Here is a link to my Tuesday column about Terrelle Pryor. The full text also appears below.
Pryor takes blame, now must improve his game
Raiders quarterback Terrelle Pryor avoids a sack by Kansas City Chiefs outside linebacker Justin Houston (50) late in their game Sunday in Kansas City, Mo. (Associated Press)
There is no need to criticize Raiders quarterback Terrell Pryor. He does quite a good job himself.
He had a bad game Sunday in Kansas City — three picks, 10 sacks, 45.7 passer rating. Don’t harp on any of that. Pryor will do it for you. He walked into the Raiders’ locker room on Monday afternoon. He is a handsome, pleasant, painfully honest 24-year old.
“Your coach said Sunday’s game was a learning experience,” I told him.
He looked at me. “Who was that again?”
“Dennis Allen. That coach.”
Pryor considered the source. “It was a learning experience,” he said. “I agree with him. But I don’t really like that because I’m supposed to be on top of my game like all my other teammates were. I had a bad game.
“I was talking to Bill Romanowski (Sunday) night for about an hour and he told me how he played on a team with John Elway. I’m not trying to put myself together with (Elway), but you hear a lot of stories about great quarterbacks you look up to they had bad games. It’s about who gets back up. I’ve got to pick up my craft and I will.
“To answer your question — this is a long answer — but it’s something that needs to be said. I need to learn when to escape and when to throw it away instead of taking sacks. I’ve got to learn and I will. That was definitely my worst game.”
Reader, take a deep breath before we move on. You get the picture. Pryor is a talker. More than a talker. He’s a pourer, the words pouring out. And he’s a confessor, lets you into the depth of his soul including insecurities. You pull for Pryor because he is so likable and he makes himself vulnerable.
Back to the scene. One reporter mentioned Pryor had a desperate time calling the plays on time.
“I take the fault at that,” he said. “I’ve got to get guys in the huddle. I wasn’t getting the plays called until about 15 seconds at the line. At that stadium it’s very loud. The ground was shaking. A lot of the things happened because we were rushing and that’s on me.
“The last pick I threw — and they took it to the house — I was kind of like, ‘I thought a flag was thrown.’ I thought it was a pink flag but they were using yellow flags. I got it confused with the previous week (when they used pink flags). There was a (pink) towel on the ground. I said, ‘I’m not going to chase.’ I’m disappointed for that to be on the film.”
Please, is there someone out there who can absolve Terrelle Pryor of his never-ending guilt?
You want guilt? Try this. “I deserved them hits,” he said, “because I made bad plays. On one play I called the wrong protection. It was supposed to be on the other side. Stupid mistakes like that.”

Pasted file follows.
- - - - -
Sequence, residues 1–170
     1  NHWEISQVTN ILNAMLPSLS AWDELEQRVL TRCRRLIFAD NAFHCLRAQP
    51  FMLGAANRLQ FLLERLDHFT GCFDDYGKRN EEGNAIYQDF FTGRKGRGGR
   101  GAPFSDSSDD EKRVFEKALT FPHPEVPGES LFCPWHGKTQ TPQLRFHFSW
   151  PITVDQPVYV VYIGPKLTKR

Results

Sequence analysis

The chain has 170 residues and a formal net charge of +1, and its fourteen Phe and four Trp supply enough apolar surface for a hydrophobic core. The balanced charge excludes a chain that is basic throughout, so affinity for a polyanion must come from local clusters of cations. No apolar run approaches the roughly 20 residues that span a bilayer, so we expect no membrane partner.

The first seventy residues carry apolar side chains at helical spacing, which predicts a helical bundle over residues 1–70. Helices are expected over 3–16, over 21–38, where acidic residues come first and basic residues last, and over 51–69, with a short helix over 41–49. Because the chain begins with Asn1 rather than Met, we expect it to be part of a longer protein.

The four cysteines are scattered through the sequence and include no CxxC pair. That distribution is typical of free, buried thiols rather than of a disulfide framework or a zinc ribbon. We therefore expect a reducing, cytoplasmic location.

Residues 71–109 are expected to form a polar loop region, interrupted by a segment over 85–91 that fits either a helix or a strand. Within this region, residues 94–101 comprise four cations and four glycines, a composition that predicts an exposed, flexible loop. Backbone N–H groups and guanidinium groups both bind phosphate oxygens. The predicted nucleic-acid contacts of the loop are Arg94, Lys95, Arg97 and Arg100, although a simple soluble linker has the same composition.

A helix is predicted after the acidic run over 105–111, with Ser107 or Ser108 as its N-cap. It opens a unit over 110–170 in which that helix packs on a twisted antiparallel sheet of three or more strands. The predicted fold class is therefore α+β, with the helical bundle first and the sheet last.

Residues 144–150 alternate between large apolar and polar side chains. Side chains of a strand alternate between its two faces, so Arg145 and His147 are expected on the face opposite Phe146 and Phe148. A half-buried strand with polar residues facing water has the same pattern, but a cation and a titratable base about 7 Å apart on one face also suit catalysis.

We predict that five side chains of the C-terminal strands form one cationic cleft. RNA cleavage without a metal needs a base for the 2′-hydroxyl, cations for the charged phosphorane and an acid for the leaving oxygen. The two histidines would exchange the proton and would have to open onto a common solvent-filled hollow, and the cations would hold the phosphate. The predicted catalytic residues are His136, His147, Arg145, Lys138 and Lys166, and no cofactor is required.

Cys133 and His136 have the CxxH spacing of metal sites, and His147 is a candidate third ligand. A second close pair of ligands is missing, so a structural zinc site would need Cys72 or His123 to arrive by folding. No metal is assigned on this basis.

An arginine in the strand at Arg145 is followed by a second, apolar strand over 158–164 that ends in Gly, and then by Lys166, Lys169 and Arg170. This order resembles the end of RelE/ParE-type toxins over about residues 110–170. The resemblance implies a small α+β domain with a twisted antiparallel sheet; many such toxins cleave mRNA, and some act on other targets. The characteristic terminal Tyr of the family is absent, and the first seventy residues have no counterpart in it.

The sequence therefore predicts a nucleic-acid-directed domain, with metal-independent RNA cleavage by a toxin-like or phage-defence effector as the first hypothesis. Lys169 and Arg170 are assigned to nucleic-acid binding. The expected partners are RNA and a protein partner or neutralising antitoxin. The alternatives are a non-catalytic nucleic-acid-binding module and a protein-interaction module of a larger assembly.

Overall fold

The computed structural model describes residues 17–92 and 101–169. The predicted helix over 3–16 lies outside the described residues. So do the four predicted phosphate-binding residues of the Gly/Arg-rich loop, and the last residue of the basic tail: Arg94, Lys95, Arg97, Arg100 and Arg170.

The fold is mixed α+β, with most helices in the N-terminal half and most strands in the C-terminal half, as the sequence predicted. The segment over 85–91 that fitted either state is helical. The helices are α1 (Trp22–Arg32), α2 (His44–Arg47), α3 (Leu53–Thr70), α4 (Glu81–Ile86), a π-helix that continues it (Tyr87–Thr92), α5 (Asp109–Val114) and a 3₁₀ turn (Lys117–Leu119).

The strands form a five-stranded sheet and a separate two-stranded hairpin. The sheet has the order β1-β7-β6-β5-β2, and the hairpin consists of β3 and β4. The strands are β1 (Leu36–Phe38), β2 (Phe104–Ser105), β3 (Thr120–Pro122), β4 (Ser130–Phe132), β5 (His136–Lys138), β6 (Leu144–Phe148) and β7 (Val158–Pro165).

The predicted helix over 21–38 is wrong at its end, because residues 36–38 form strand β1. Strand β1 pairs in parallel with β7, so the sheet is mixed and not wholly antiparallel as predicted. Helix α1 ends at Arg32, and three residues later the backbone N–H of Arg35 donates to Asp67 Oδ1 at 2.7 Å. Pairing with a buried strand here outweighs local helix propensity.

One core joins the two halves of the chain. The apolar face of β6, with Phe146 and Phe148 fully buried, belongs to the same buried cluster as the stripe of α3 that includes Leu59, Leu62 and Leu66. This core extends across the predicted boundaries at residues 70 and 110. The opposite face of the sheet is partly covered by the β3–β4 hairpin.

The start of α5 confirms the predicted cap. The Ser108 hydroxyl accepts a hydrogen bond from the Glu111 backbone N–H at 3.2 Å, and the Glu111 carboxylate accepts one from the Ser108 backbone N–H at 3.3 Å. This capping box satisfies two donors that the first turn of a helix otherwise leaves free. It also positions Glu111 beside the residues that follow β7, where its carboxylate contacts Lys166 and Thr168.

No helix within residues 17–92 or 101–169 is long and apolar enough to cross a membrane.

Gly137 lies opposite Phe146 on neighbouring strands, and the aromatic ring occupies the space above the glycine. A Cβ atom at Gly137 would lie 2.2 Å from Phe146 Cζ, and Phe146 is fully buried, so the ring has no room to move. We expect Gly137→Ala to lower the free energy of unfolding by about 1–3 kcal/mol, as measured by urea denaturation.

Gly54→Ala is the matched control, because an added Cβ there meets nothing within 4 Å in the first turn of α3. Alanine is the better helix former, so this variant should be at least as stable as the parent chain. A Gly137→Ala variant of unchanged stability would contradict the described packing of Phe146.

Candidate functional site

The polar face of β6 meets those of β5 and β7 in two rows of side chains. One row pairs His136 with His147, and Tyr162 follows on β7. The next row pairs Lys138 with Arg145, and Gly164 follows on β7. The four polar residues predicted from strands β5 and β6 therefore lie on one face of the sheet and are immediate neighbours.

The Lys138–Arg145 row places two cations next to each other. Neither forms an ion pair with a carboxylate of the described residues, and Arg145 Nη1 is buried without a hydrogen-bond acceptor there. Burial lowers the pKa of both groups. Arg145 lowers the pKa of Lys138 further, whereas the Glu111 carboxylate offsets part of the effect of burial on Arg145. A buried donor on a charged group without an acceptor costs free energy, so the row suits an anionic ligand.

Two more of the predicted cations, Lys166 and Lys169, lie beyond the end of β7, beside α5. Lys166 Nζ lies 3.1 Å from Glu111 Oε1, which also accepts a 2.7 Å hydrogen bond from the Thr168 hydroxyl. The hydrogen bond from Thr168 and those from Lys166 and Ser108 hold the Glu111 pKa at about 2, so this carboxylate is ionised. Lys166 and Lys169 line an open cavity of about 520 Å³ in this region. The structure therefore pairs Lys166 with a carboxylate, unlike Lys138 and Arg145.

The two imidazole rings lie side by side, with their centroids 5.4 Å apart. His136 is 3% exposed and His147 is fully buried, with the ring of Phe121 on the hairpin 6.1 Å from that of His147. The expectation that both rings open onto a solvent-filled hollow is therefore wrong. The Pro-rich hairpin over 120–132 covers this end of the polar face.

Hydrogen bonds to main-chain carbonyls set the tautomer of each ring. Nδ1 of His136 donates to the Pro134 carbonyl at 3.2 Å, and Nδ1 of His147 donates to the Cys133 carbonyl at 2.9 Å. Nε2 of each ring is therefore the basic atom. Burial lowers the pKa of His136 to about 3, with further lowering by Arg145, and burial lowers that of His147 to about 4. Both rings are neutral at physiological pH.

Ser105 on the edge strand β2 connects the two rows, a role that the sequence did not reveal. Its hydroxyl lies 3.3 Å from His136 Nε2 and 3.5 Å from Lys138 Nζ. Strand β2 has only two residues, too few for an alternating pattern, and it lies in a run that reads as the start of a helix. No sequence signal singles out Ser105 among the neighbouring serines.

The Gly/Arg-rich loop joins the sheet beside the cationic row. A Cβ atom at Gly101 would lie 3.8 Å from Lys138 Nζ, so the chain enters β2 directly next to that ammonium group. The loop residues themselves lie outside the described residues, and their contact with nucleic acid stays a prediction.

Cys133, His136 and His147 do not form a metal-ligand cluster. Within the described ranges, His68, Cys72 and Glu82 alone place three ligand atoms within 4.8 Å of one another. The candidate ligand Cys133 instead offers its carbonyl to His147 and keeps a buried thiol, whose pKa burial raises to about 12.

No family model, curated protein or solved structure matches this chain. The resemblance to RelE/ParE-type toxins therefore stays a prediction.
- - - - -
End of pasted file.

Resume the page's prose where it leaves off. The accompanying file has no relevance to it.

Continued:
So, he deserved to get hit?
Earlier in the day, I had asked Allen if he’s sticking with Pryor as his quarterback of the future. “Yeah, absolutely,” Allen said. “I don’t think he played as well as he would have liked or what we wanted him to, but he’s still a young player. That was his fifth start this season. He’s still got a lot of growing to do and a lot of getting better to do. But he’s a talented player and we’re going to continue to try to build with him and try to grow with him.
“Now, the key is, Does he learn from it, does he move forward from it? That’s what we’re looking for. When you get young players, especially at the quarterback position, you’re going to have ups and downs. You’ve got to give him an opportunity to continue to grow.”
Here is Pryor’s take on being QB of the future: “I appreciate Coach. Obviously, I can’t keep making mistakes like that. Coaches have to pick the right guys to play. They have to trust guys that they’re not going to make the wrong plays. At any moment I could get pulled out and I won’t be the starter.
“I think he’s saying it because he wants it to be happening like that. I know what he’s trying to say. He’s telling me he’s on my side and he wants me to be successful. At the end of the day when you get shipped out, guys are going to look at your ratio of interceptions and passing touchdowns. What is it?”
Let’s step back from pure Pryor emotion and evaluate him as a quarterback at this stage of his young career.
The positives: He is a fine athlete. He is a running threat to any defense. He can throw on the run. He’s big and tough.
The negatives. He has not shown a high quarterback I.Q. I am not saying he has a low I.Q. He comes off as highly intelligent. I’m talking about quarterback I.Q. That is specific and has to do with reading the defense, calling the right play, getting the play off in time. There is reason to believe he can develop a high quarterback I.Q.
He is not as accurate in his throws as an NFL quarterback needs to be. His throwing mechanics are all over the place and his footwork puts his arm and torso in bad throwing positions. He misses too many open receivers.
The Chiefs forced him to stay in the pocket. That’s the key to beating him. Keep him in the pocket. Don’t let him run and improvise. He is not an impressive pocket passer.
It hurt me to write those criticisms. I admit that. I like Terrelle Pryor. I’m shamelessly rooting for him. Please play better, Terrelle, or the entire Bay Area may fall into a depression and I may go into mourning.
For more on the world of sports in general and the Bay Area in particular, go to the Cohn Zohn at cohn.blogs.pressdemocrat.com. You can reach Staff Columnist Lowell Cohn at firstname.lastname@example.org.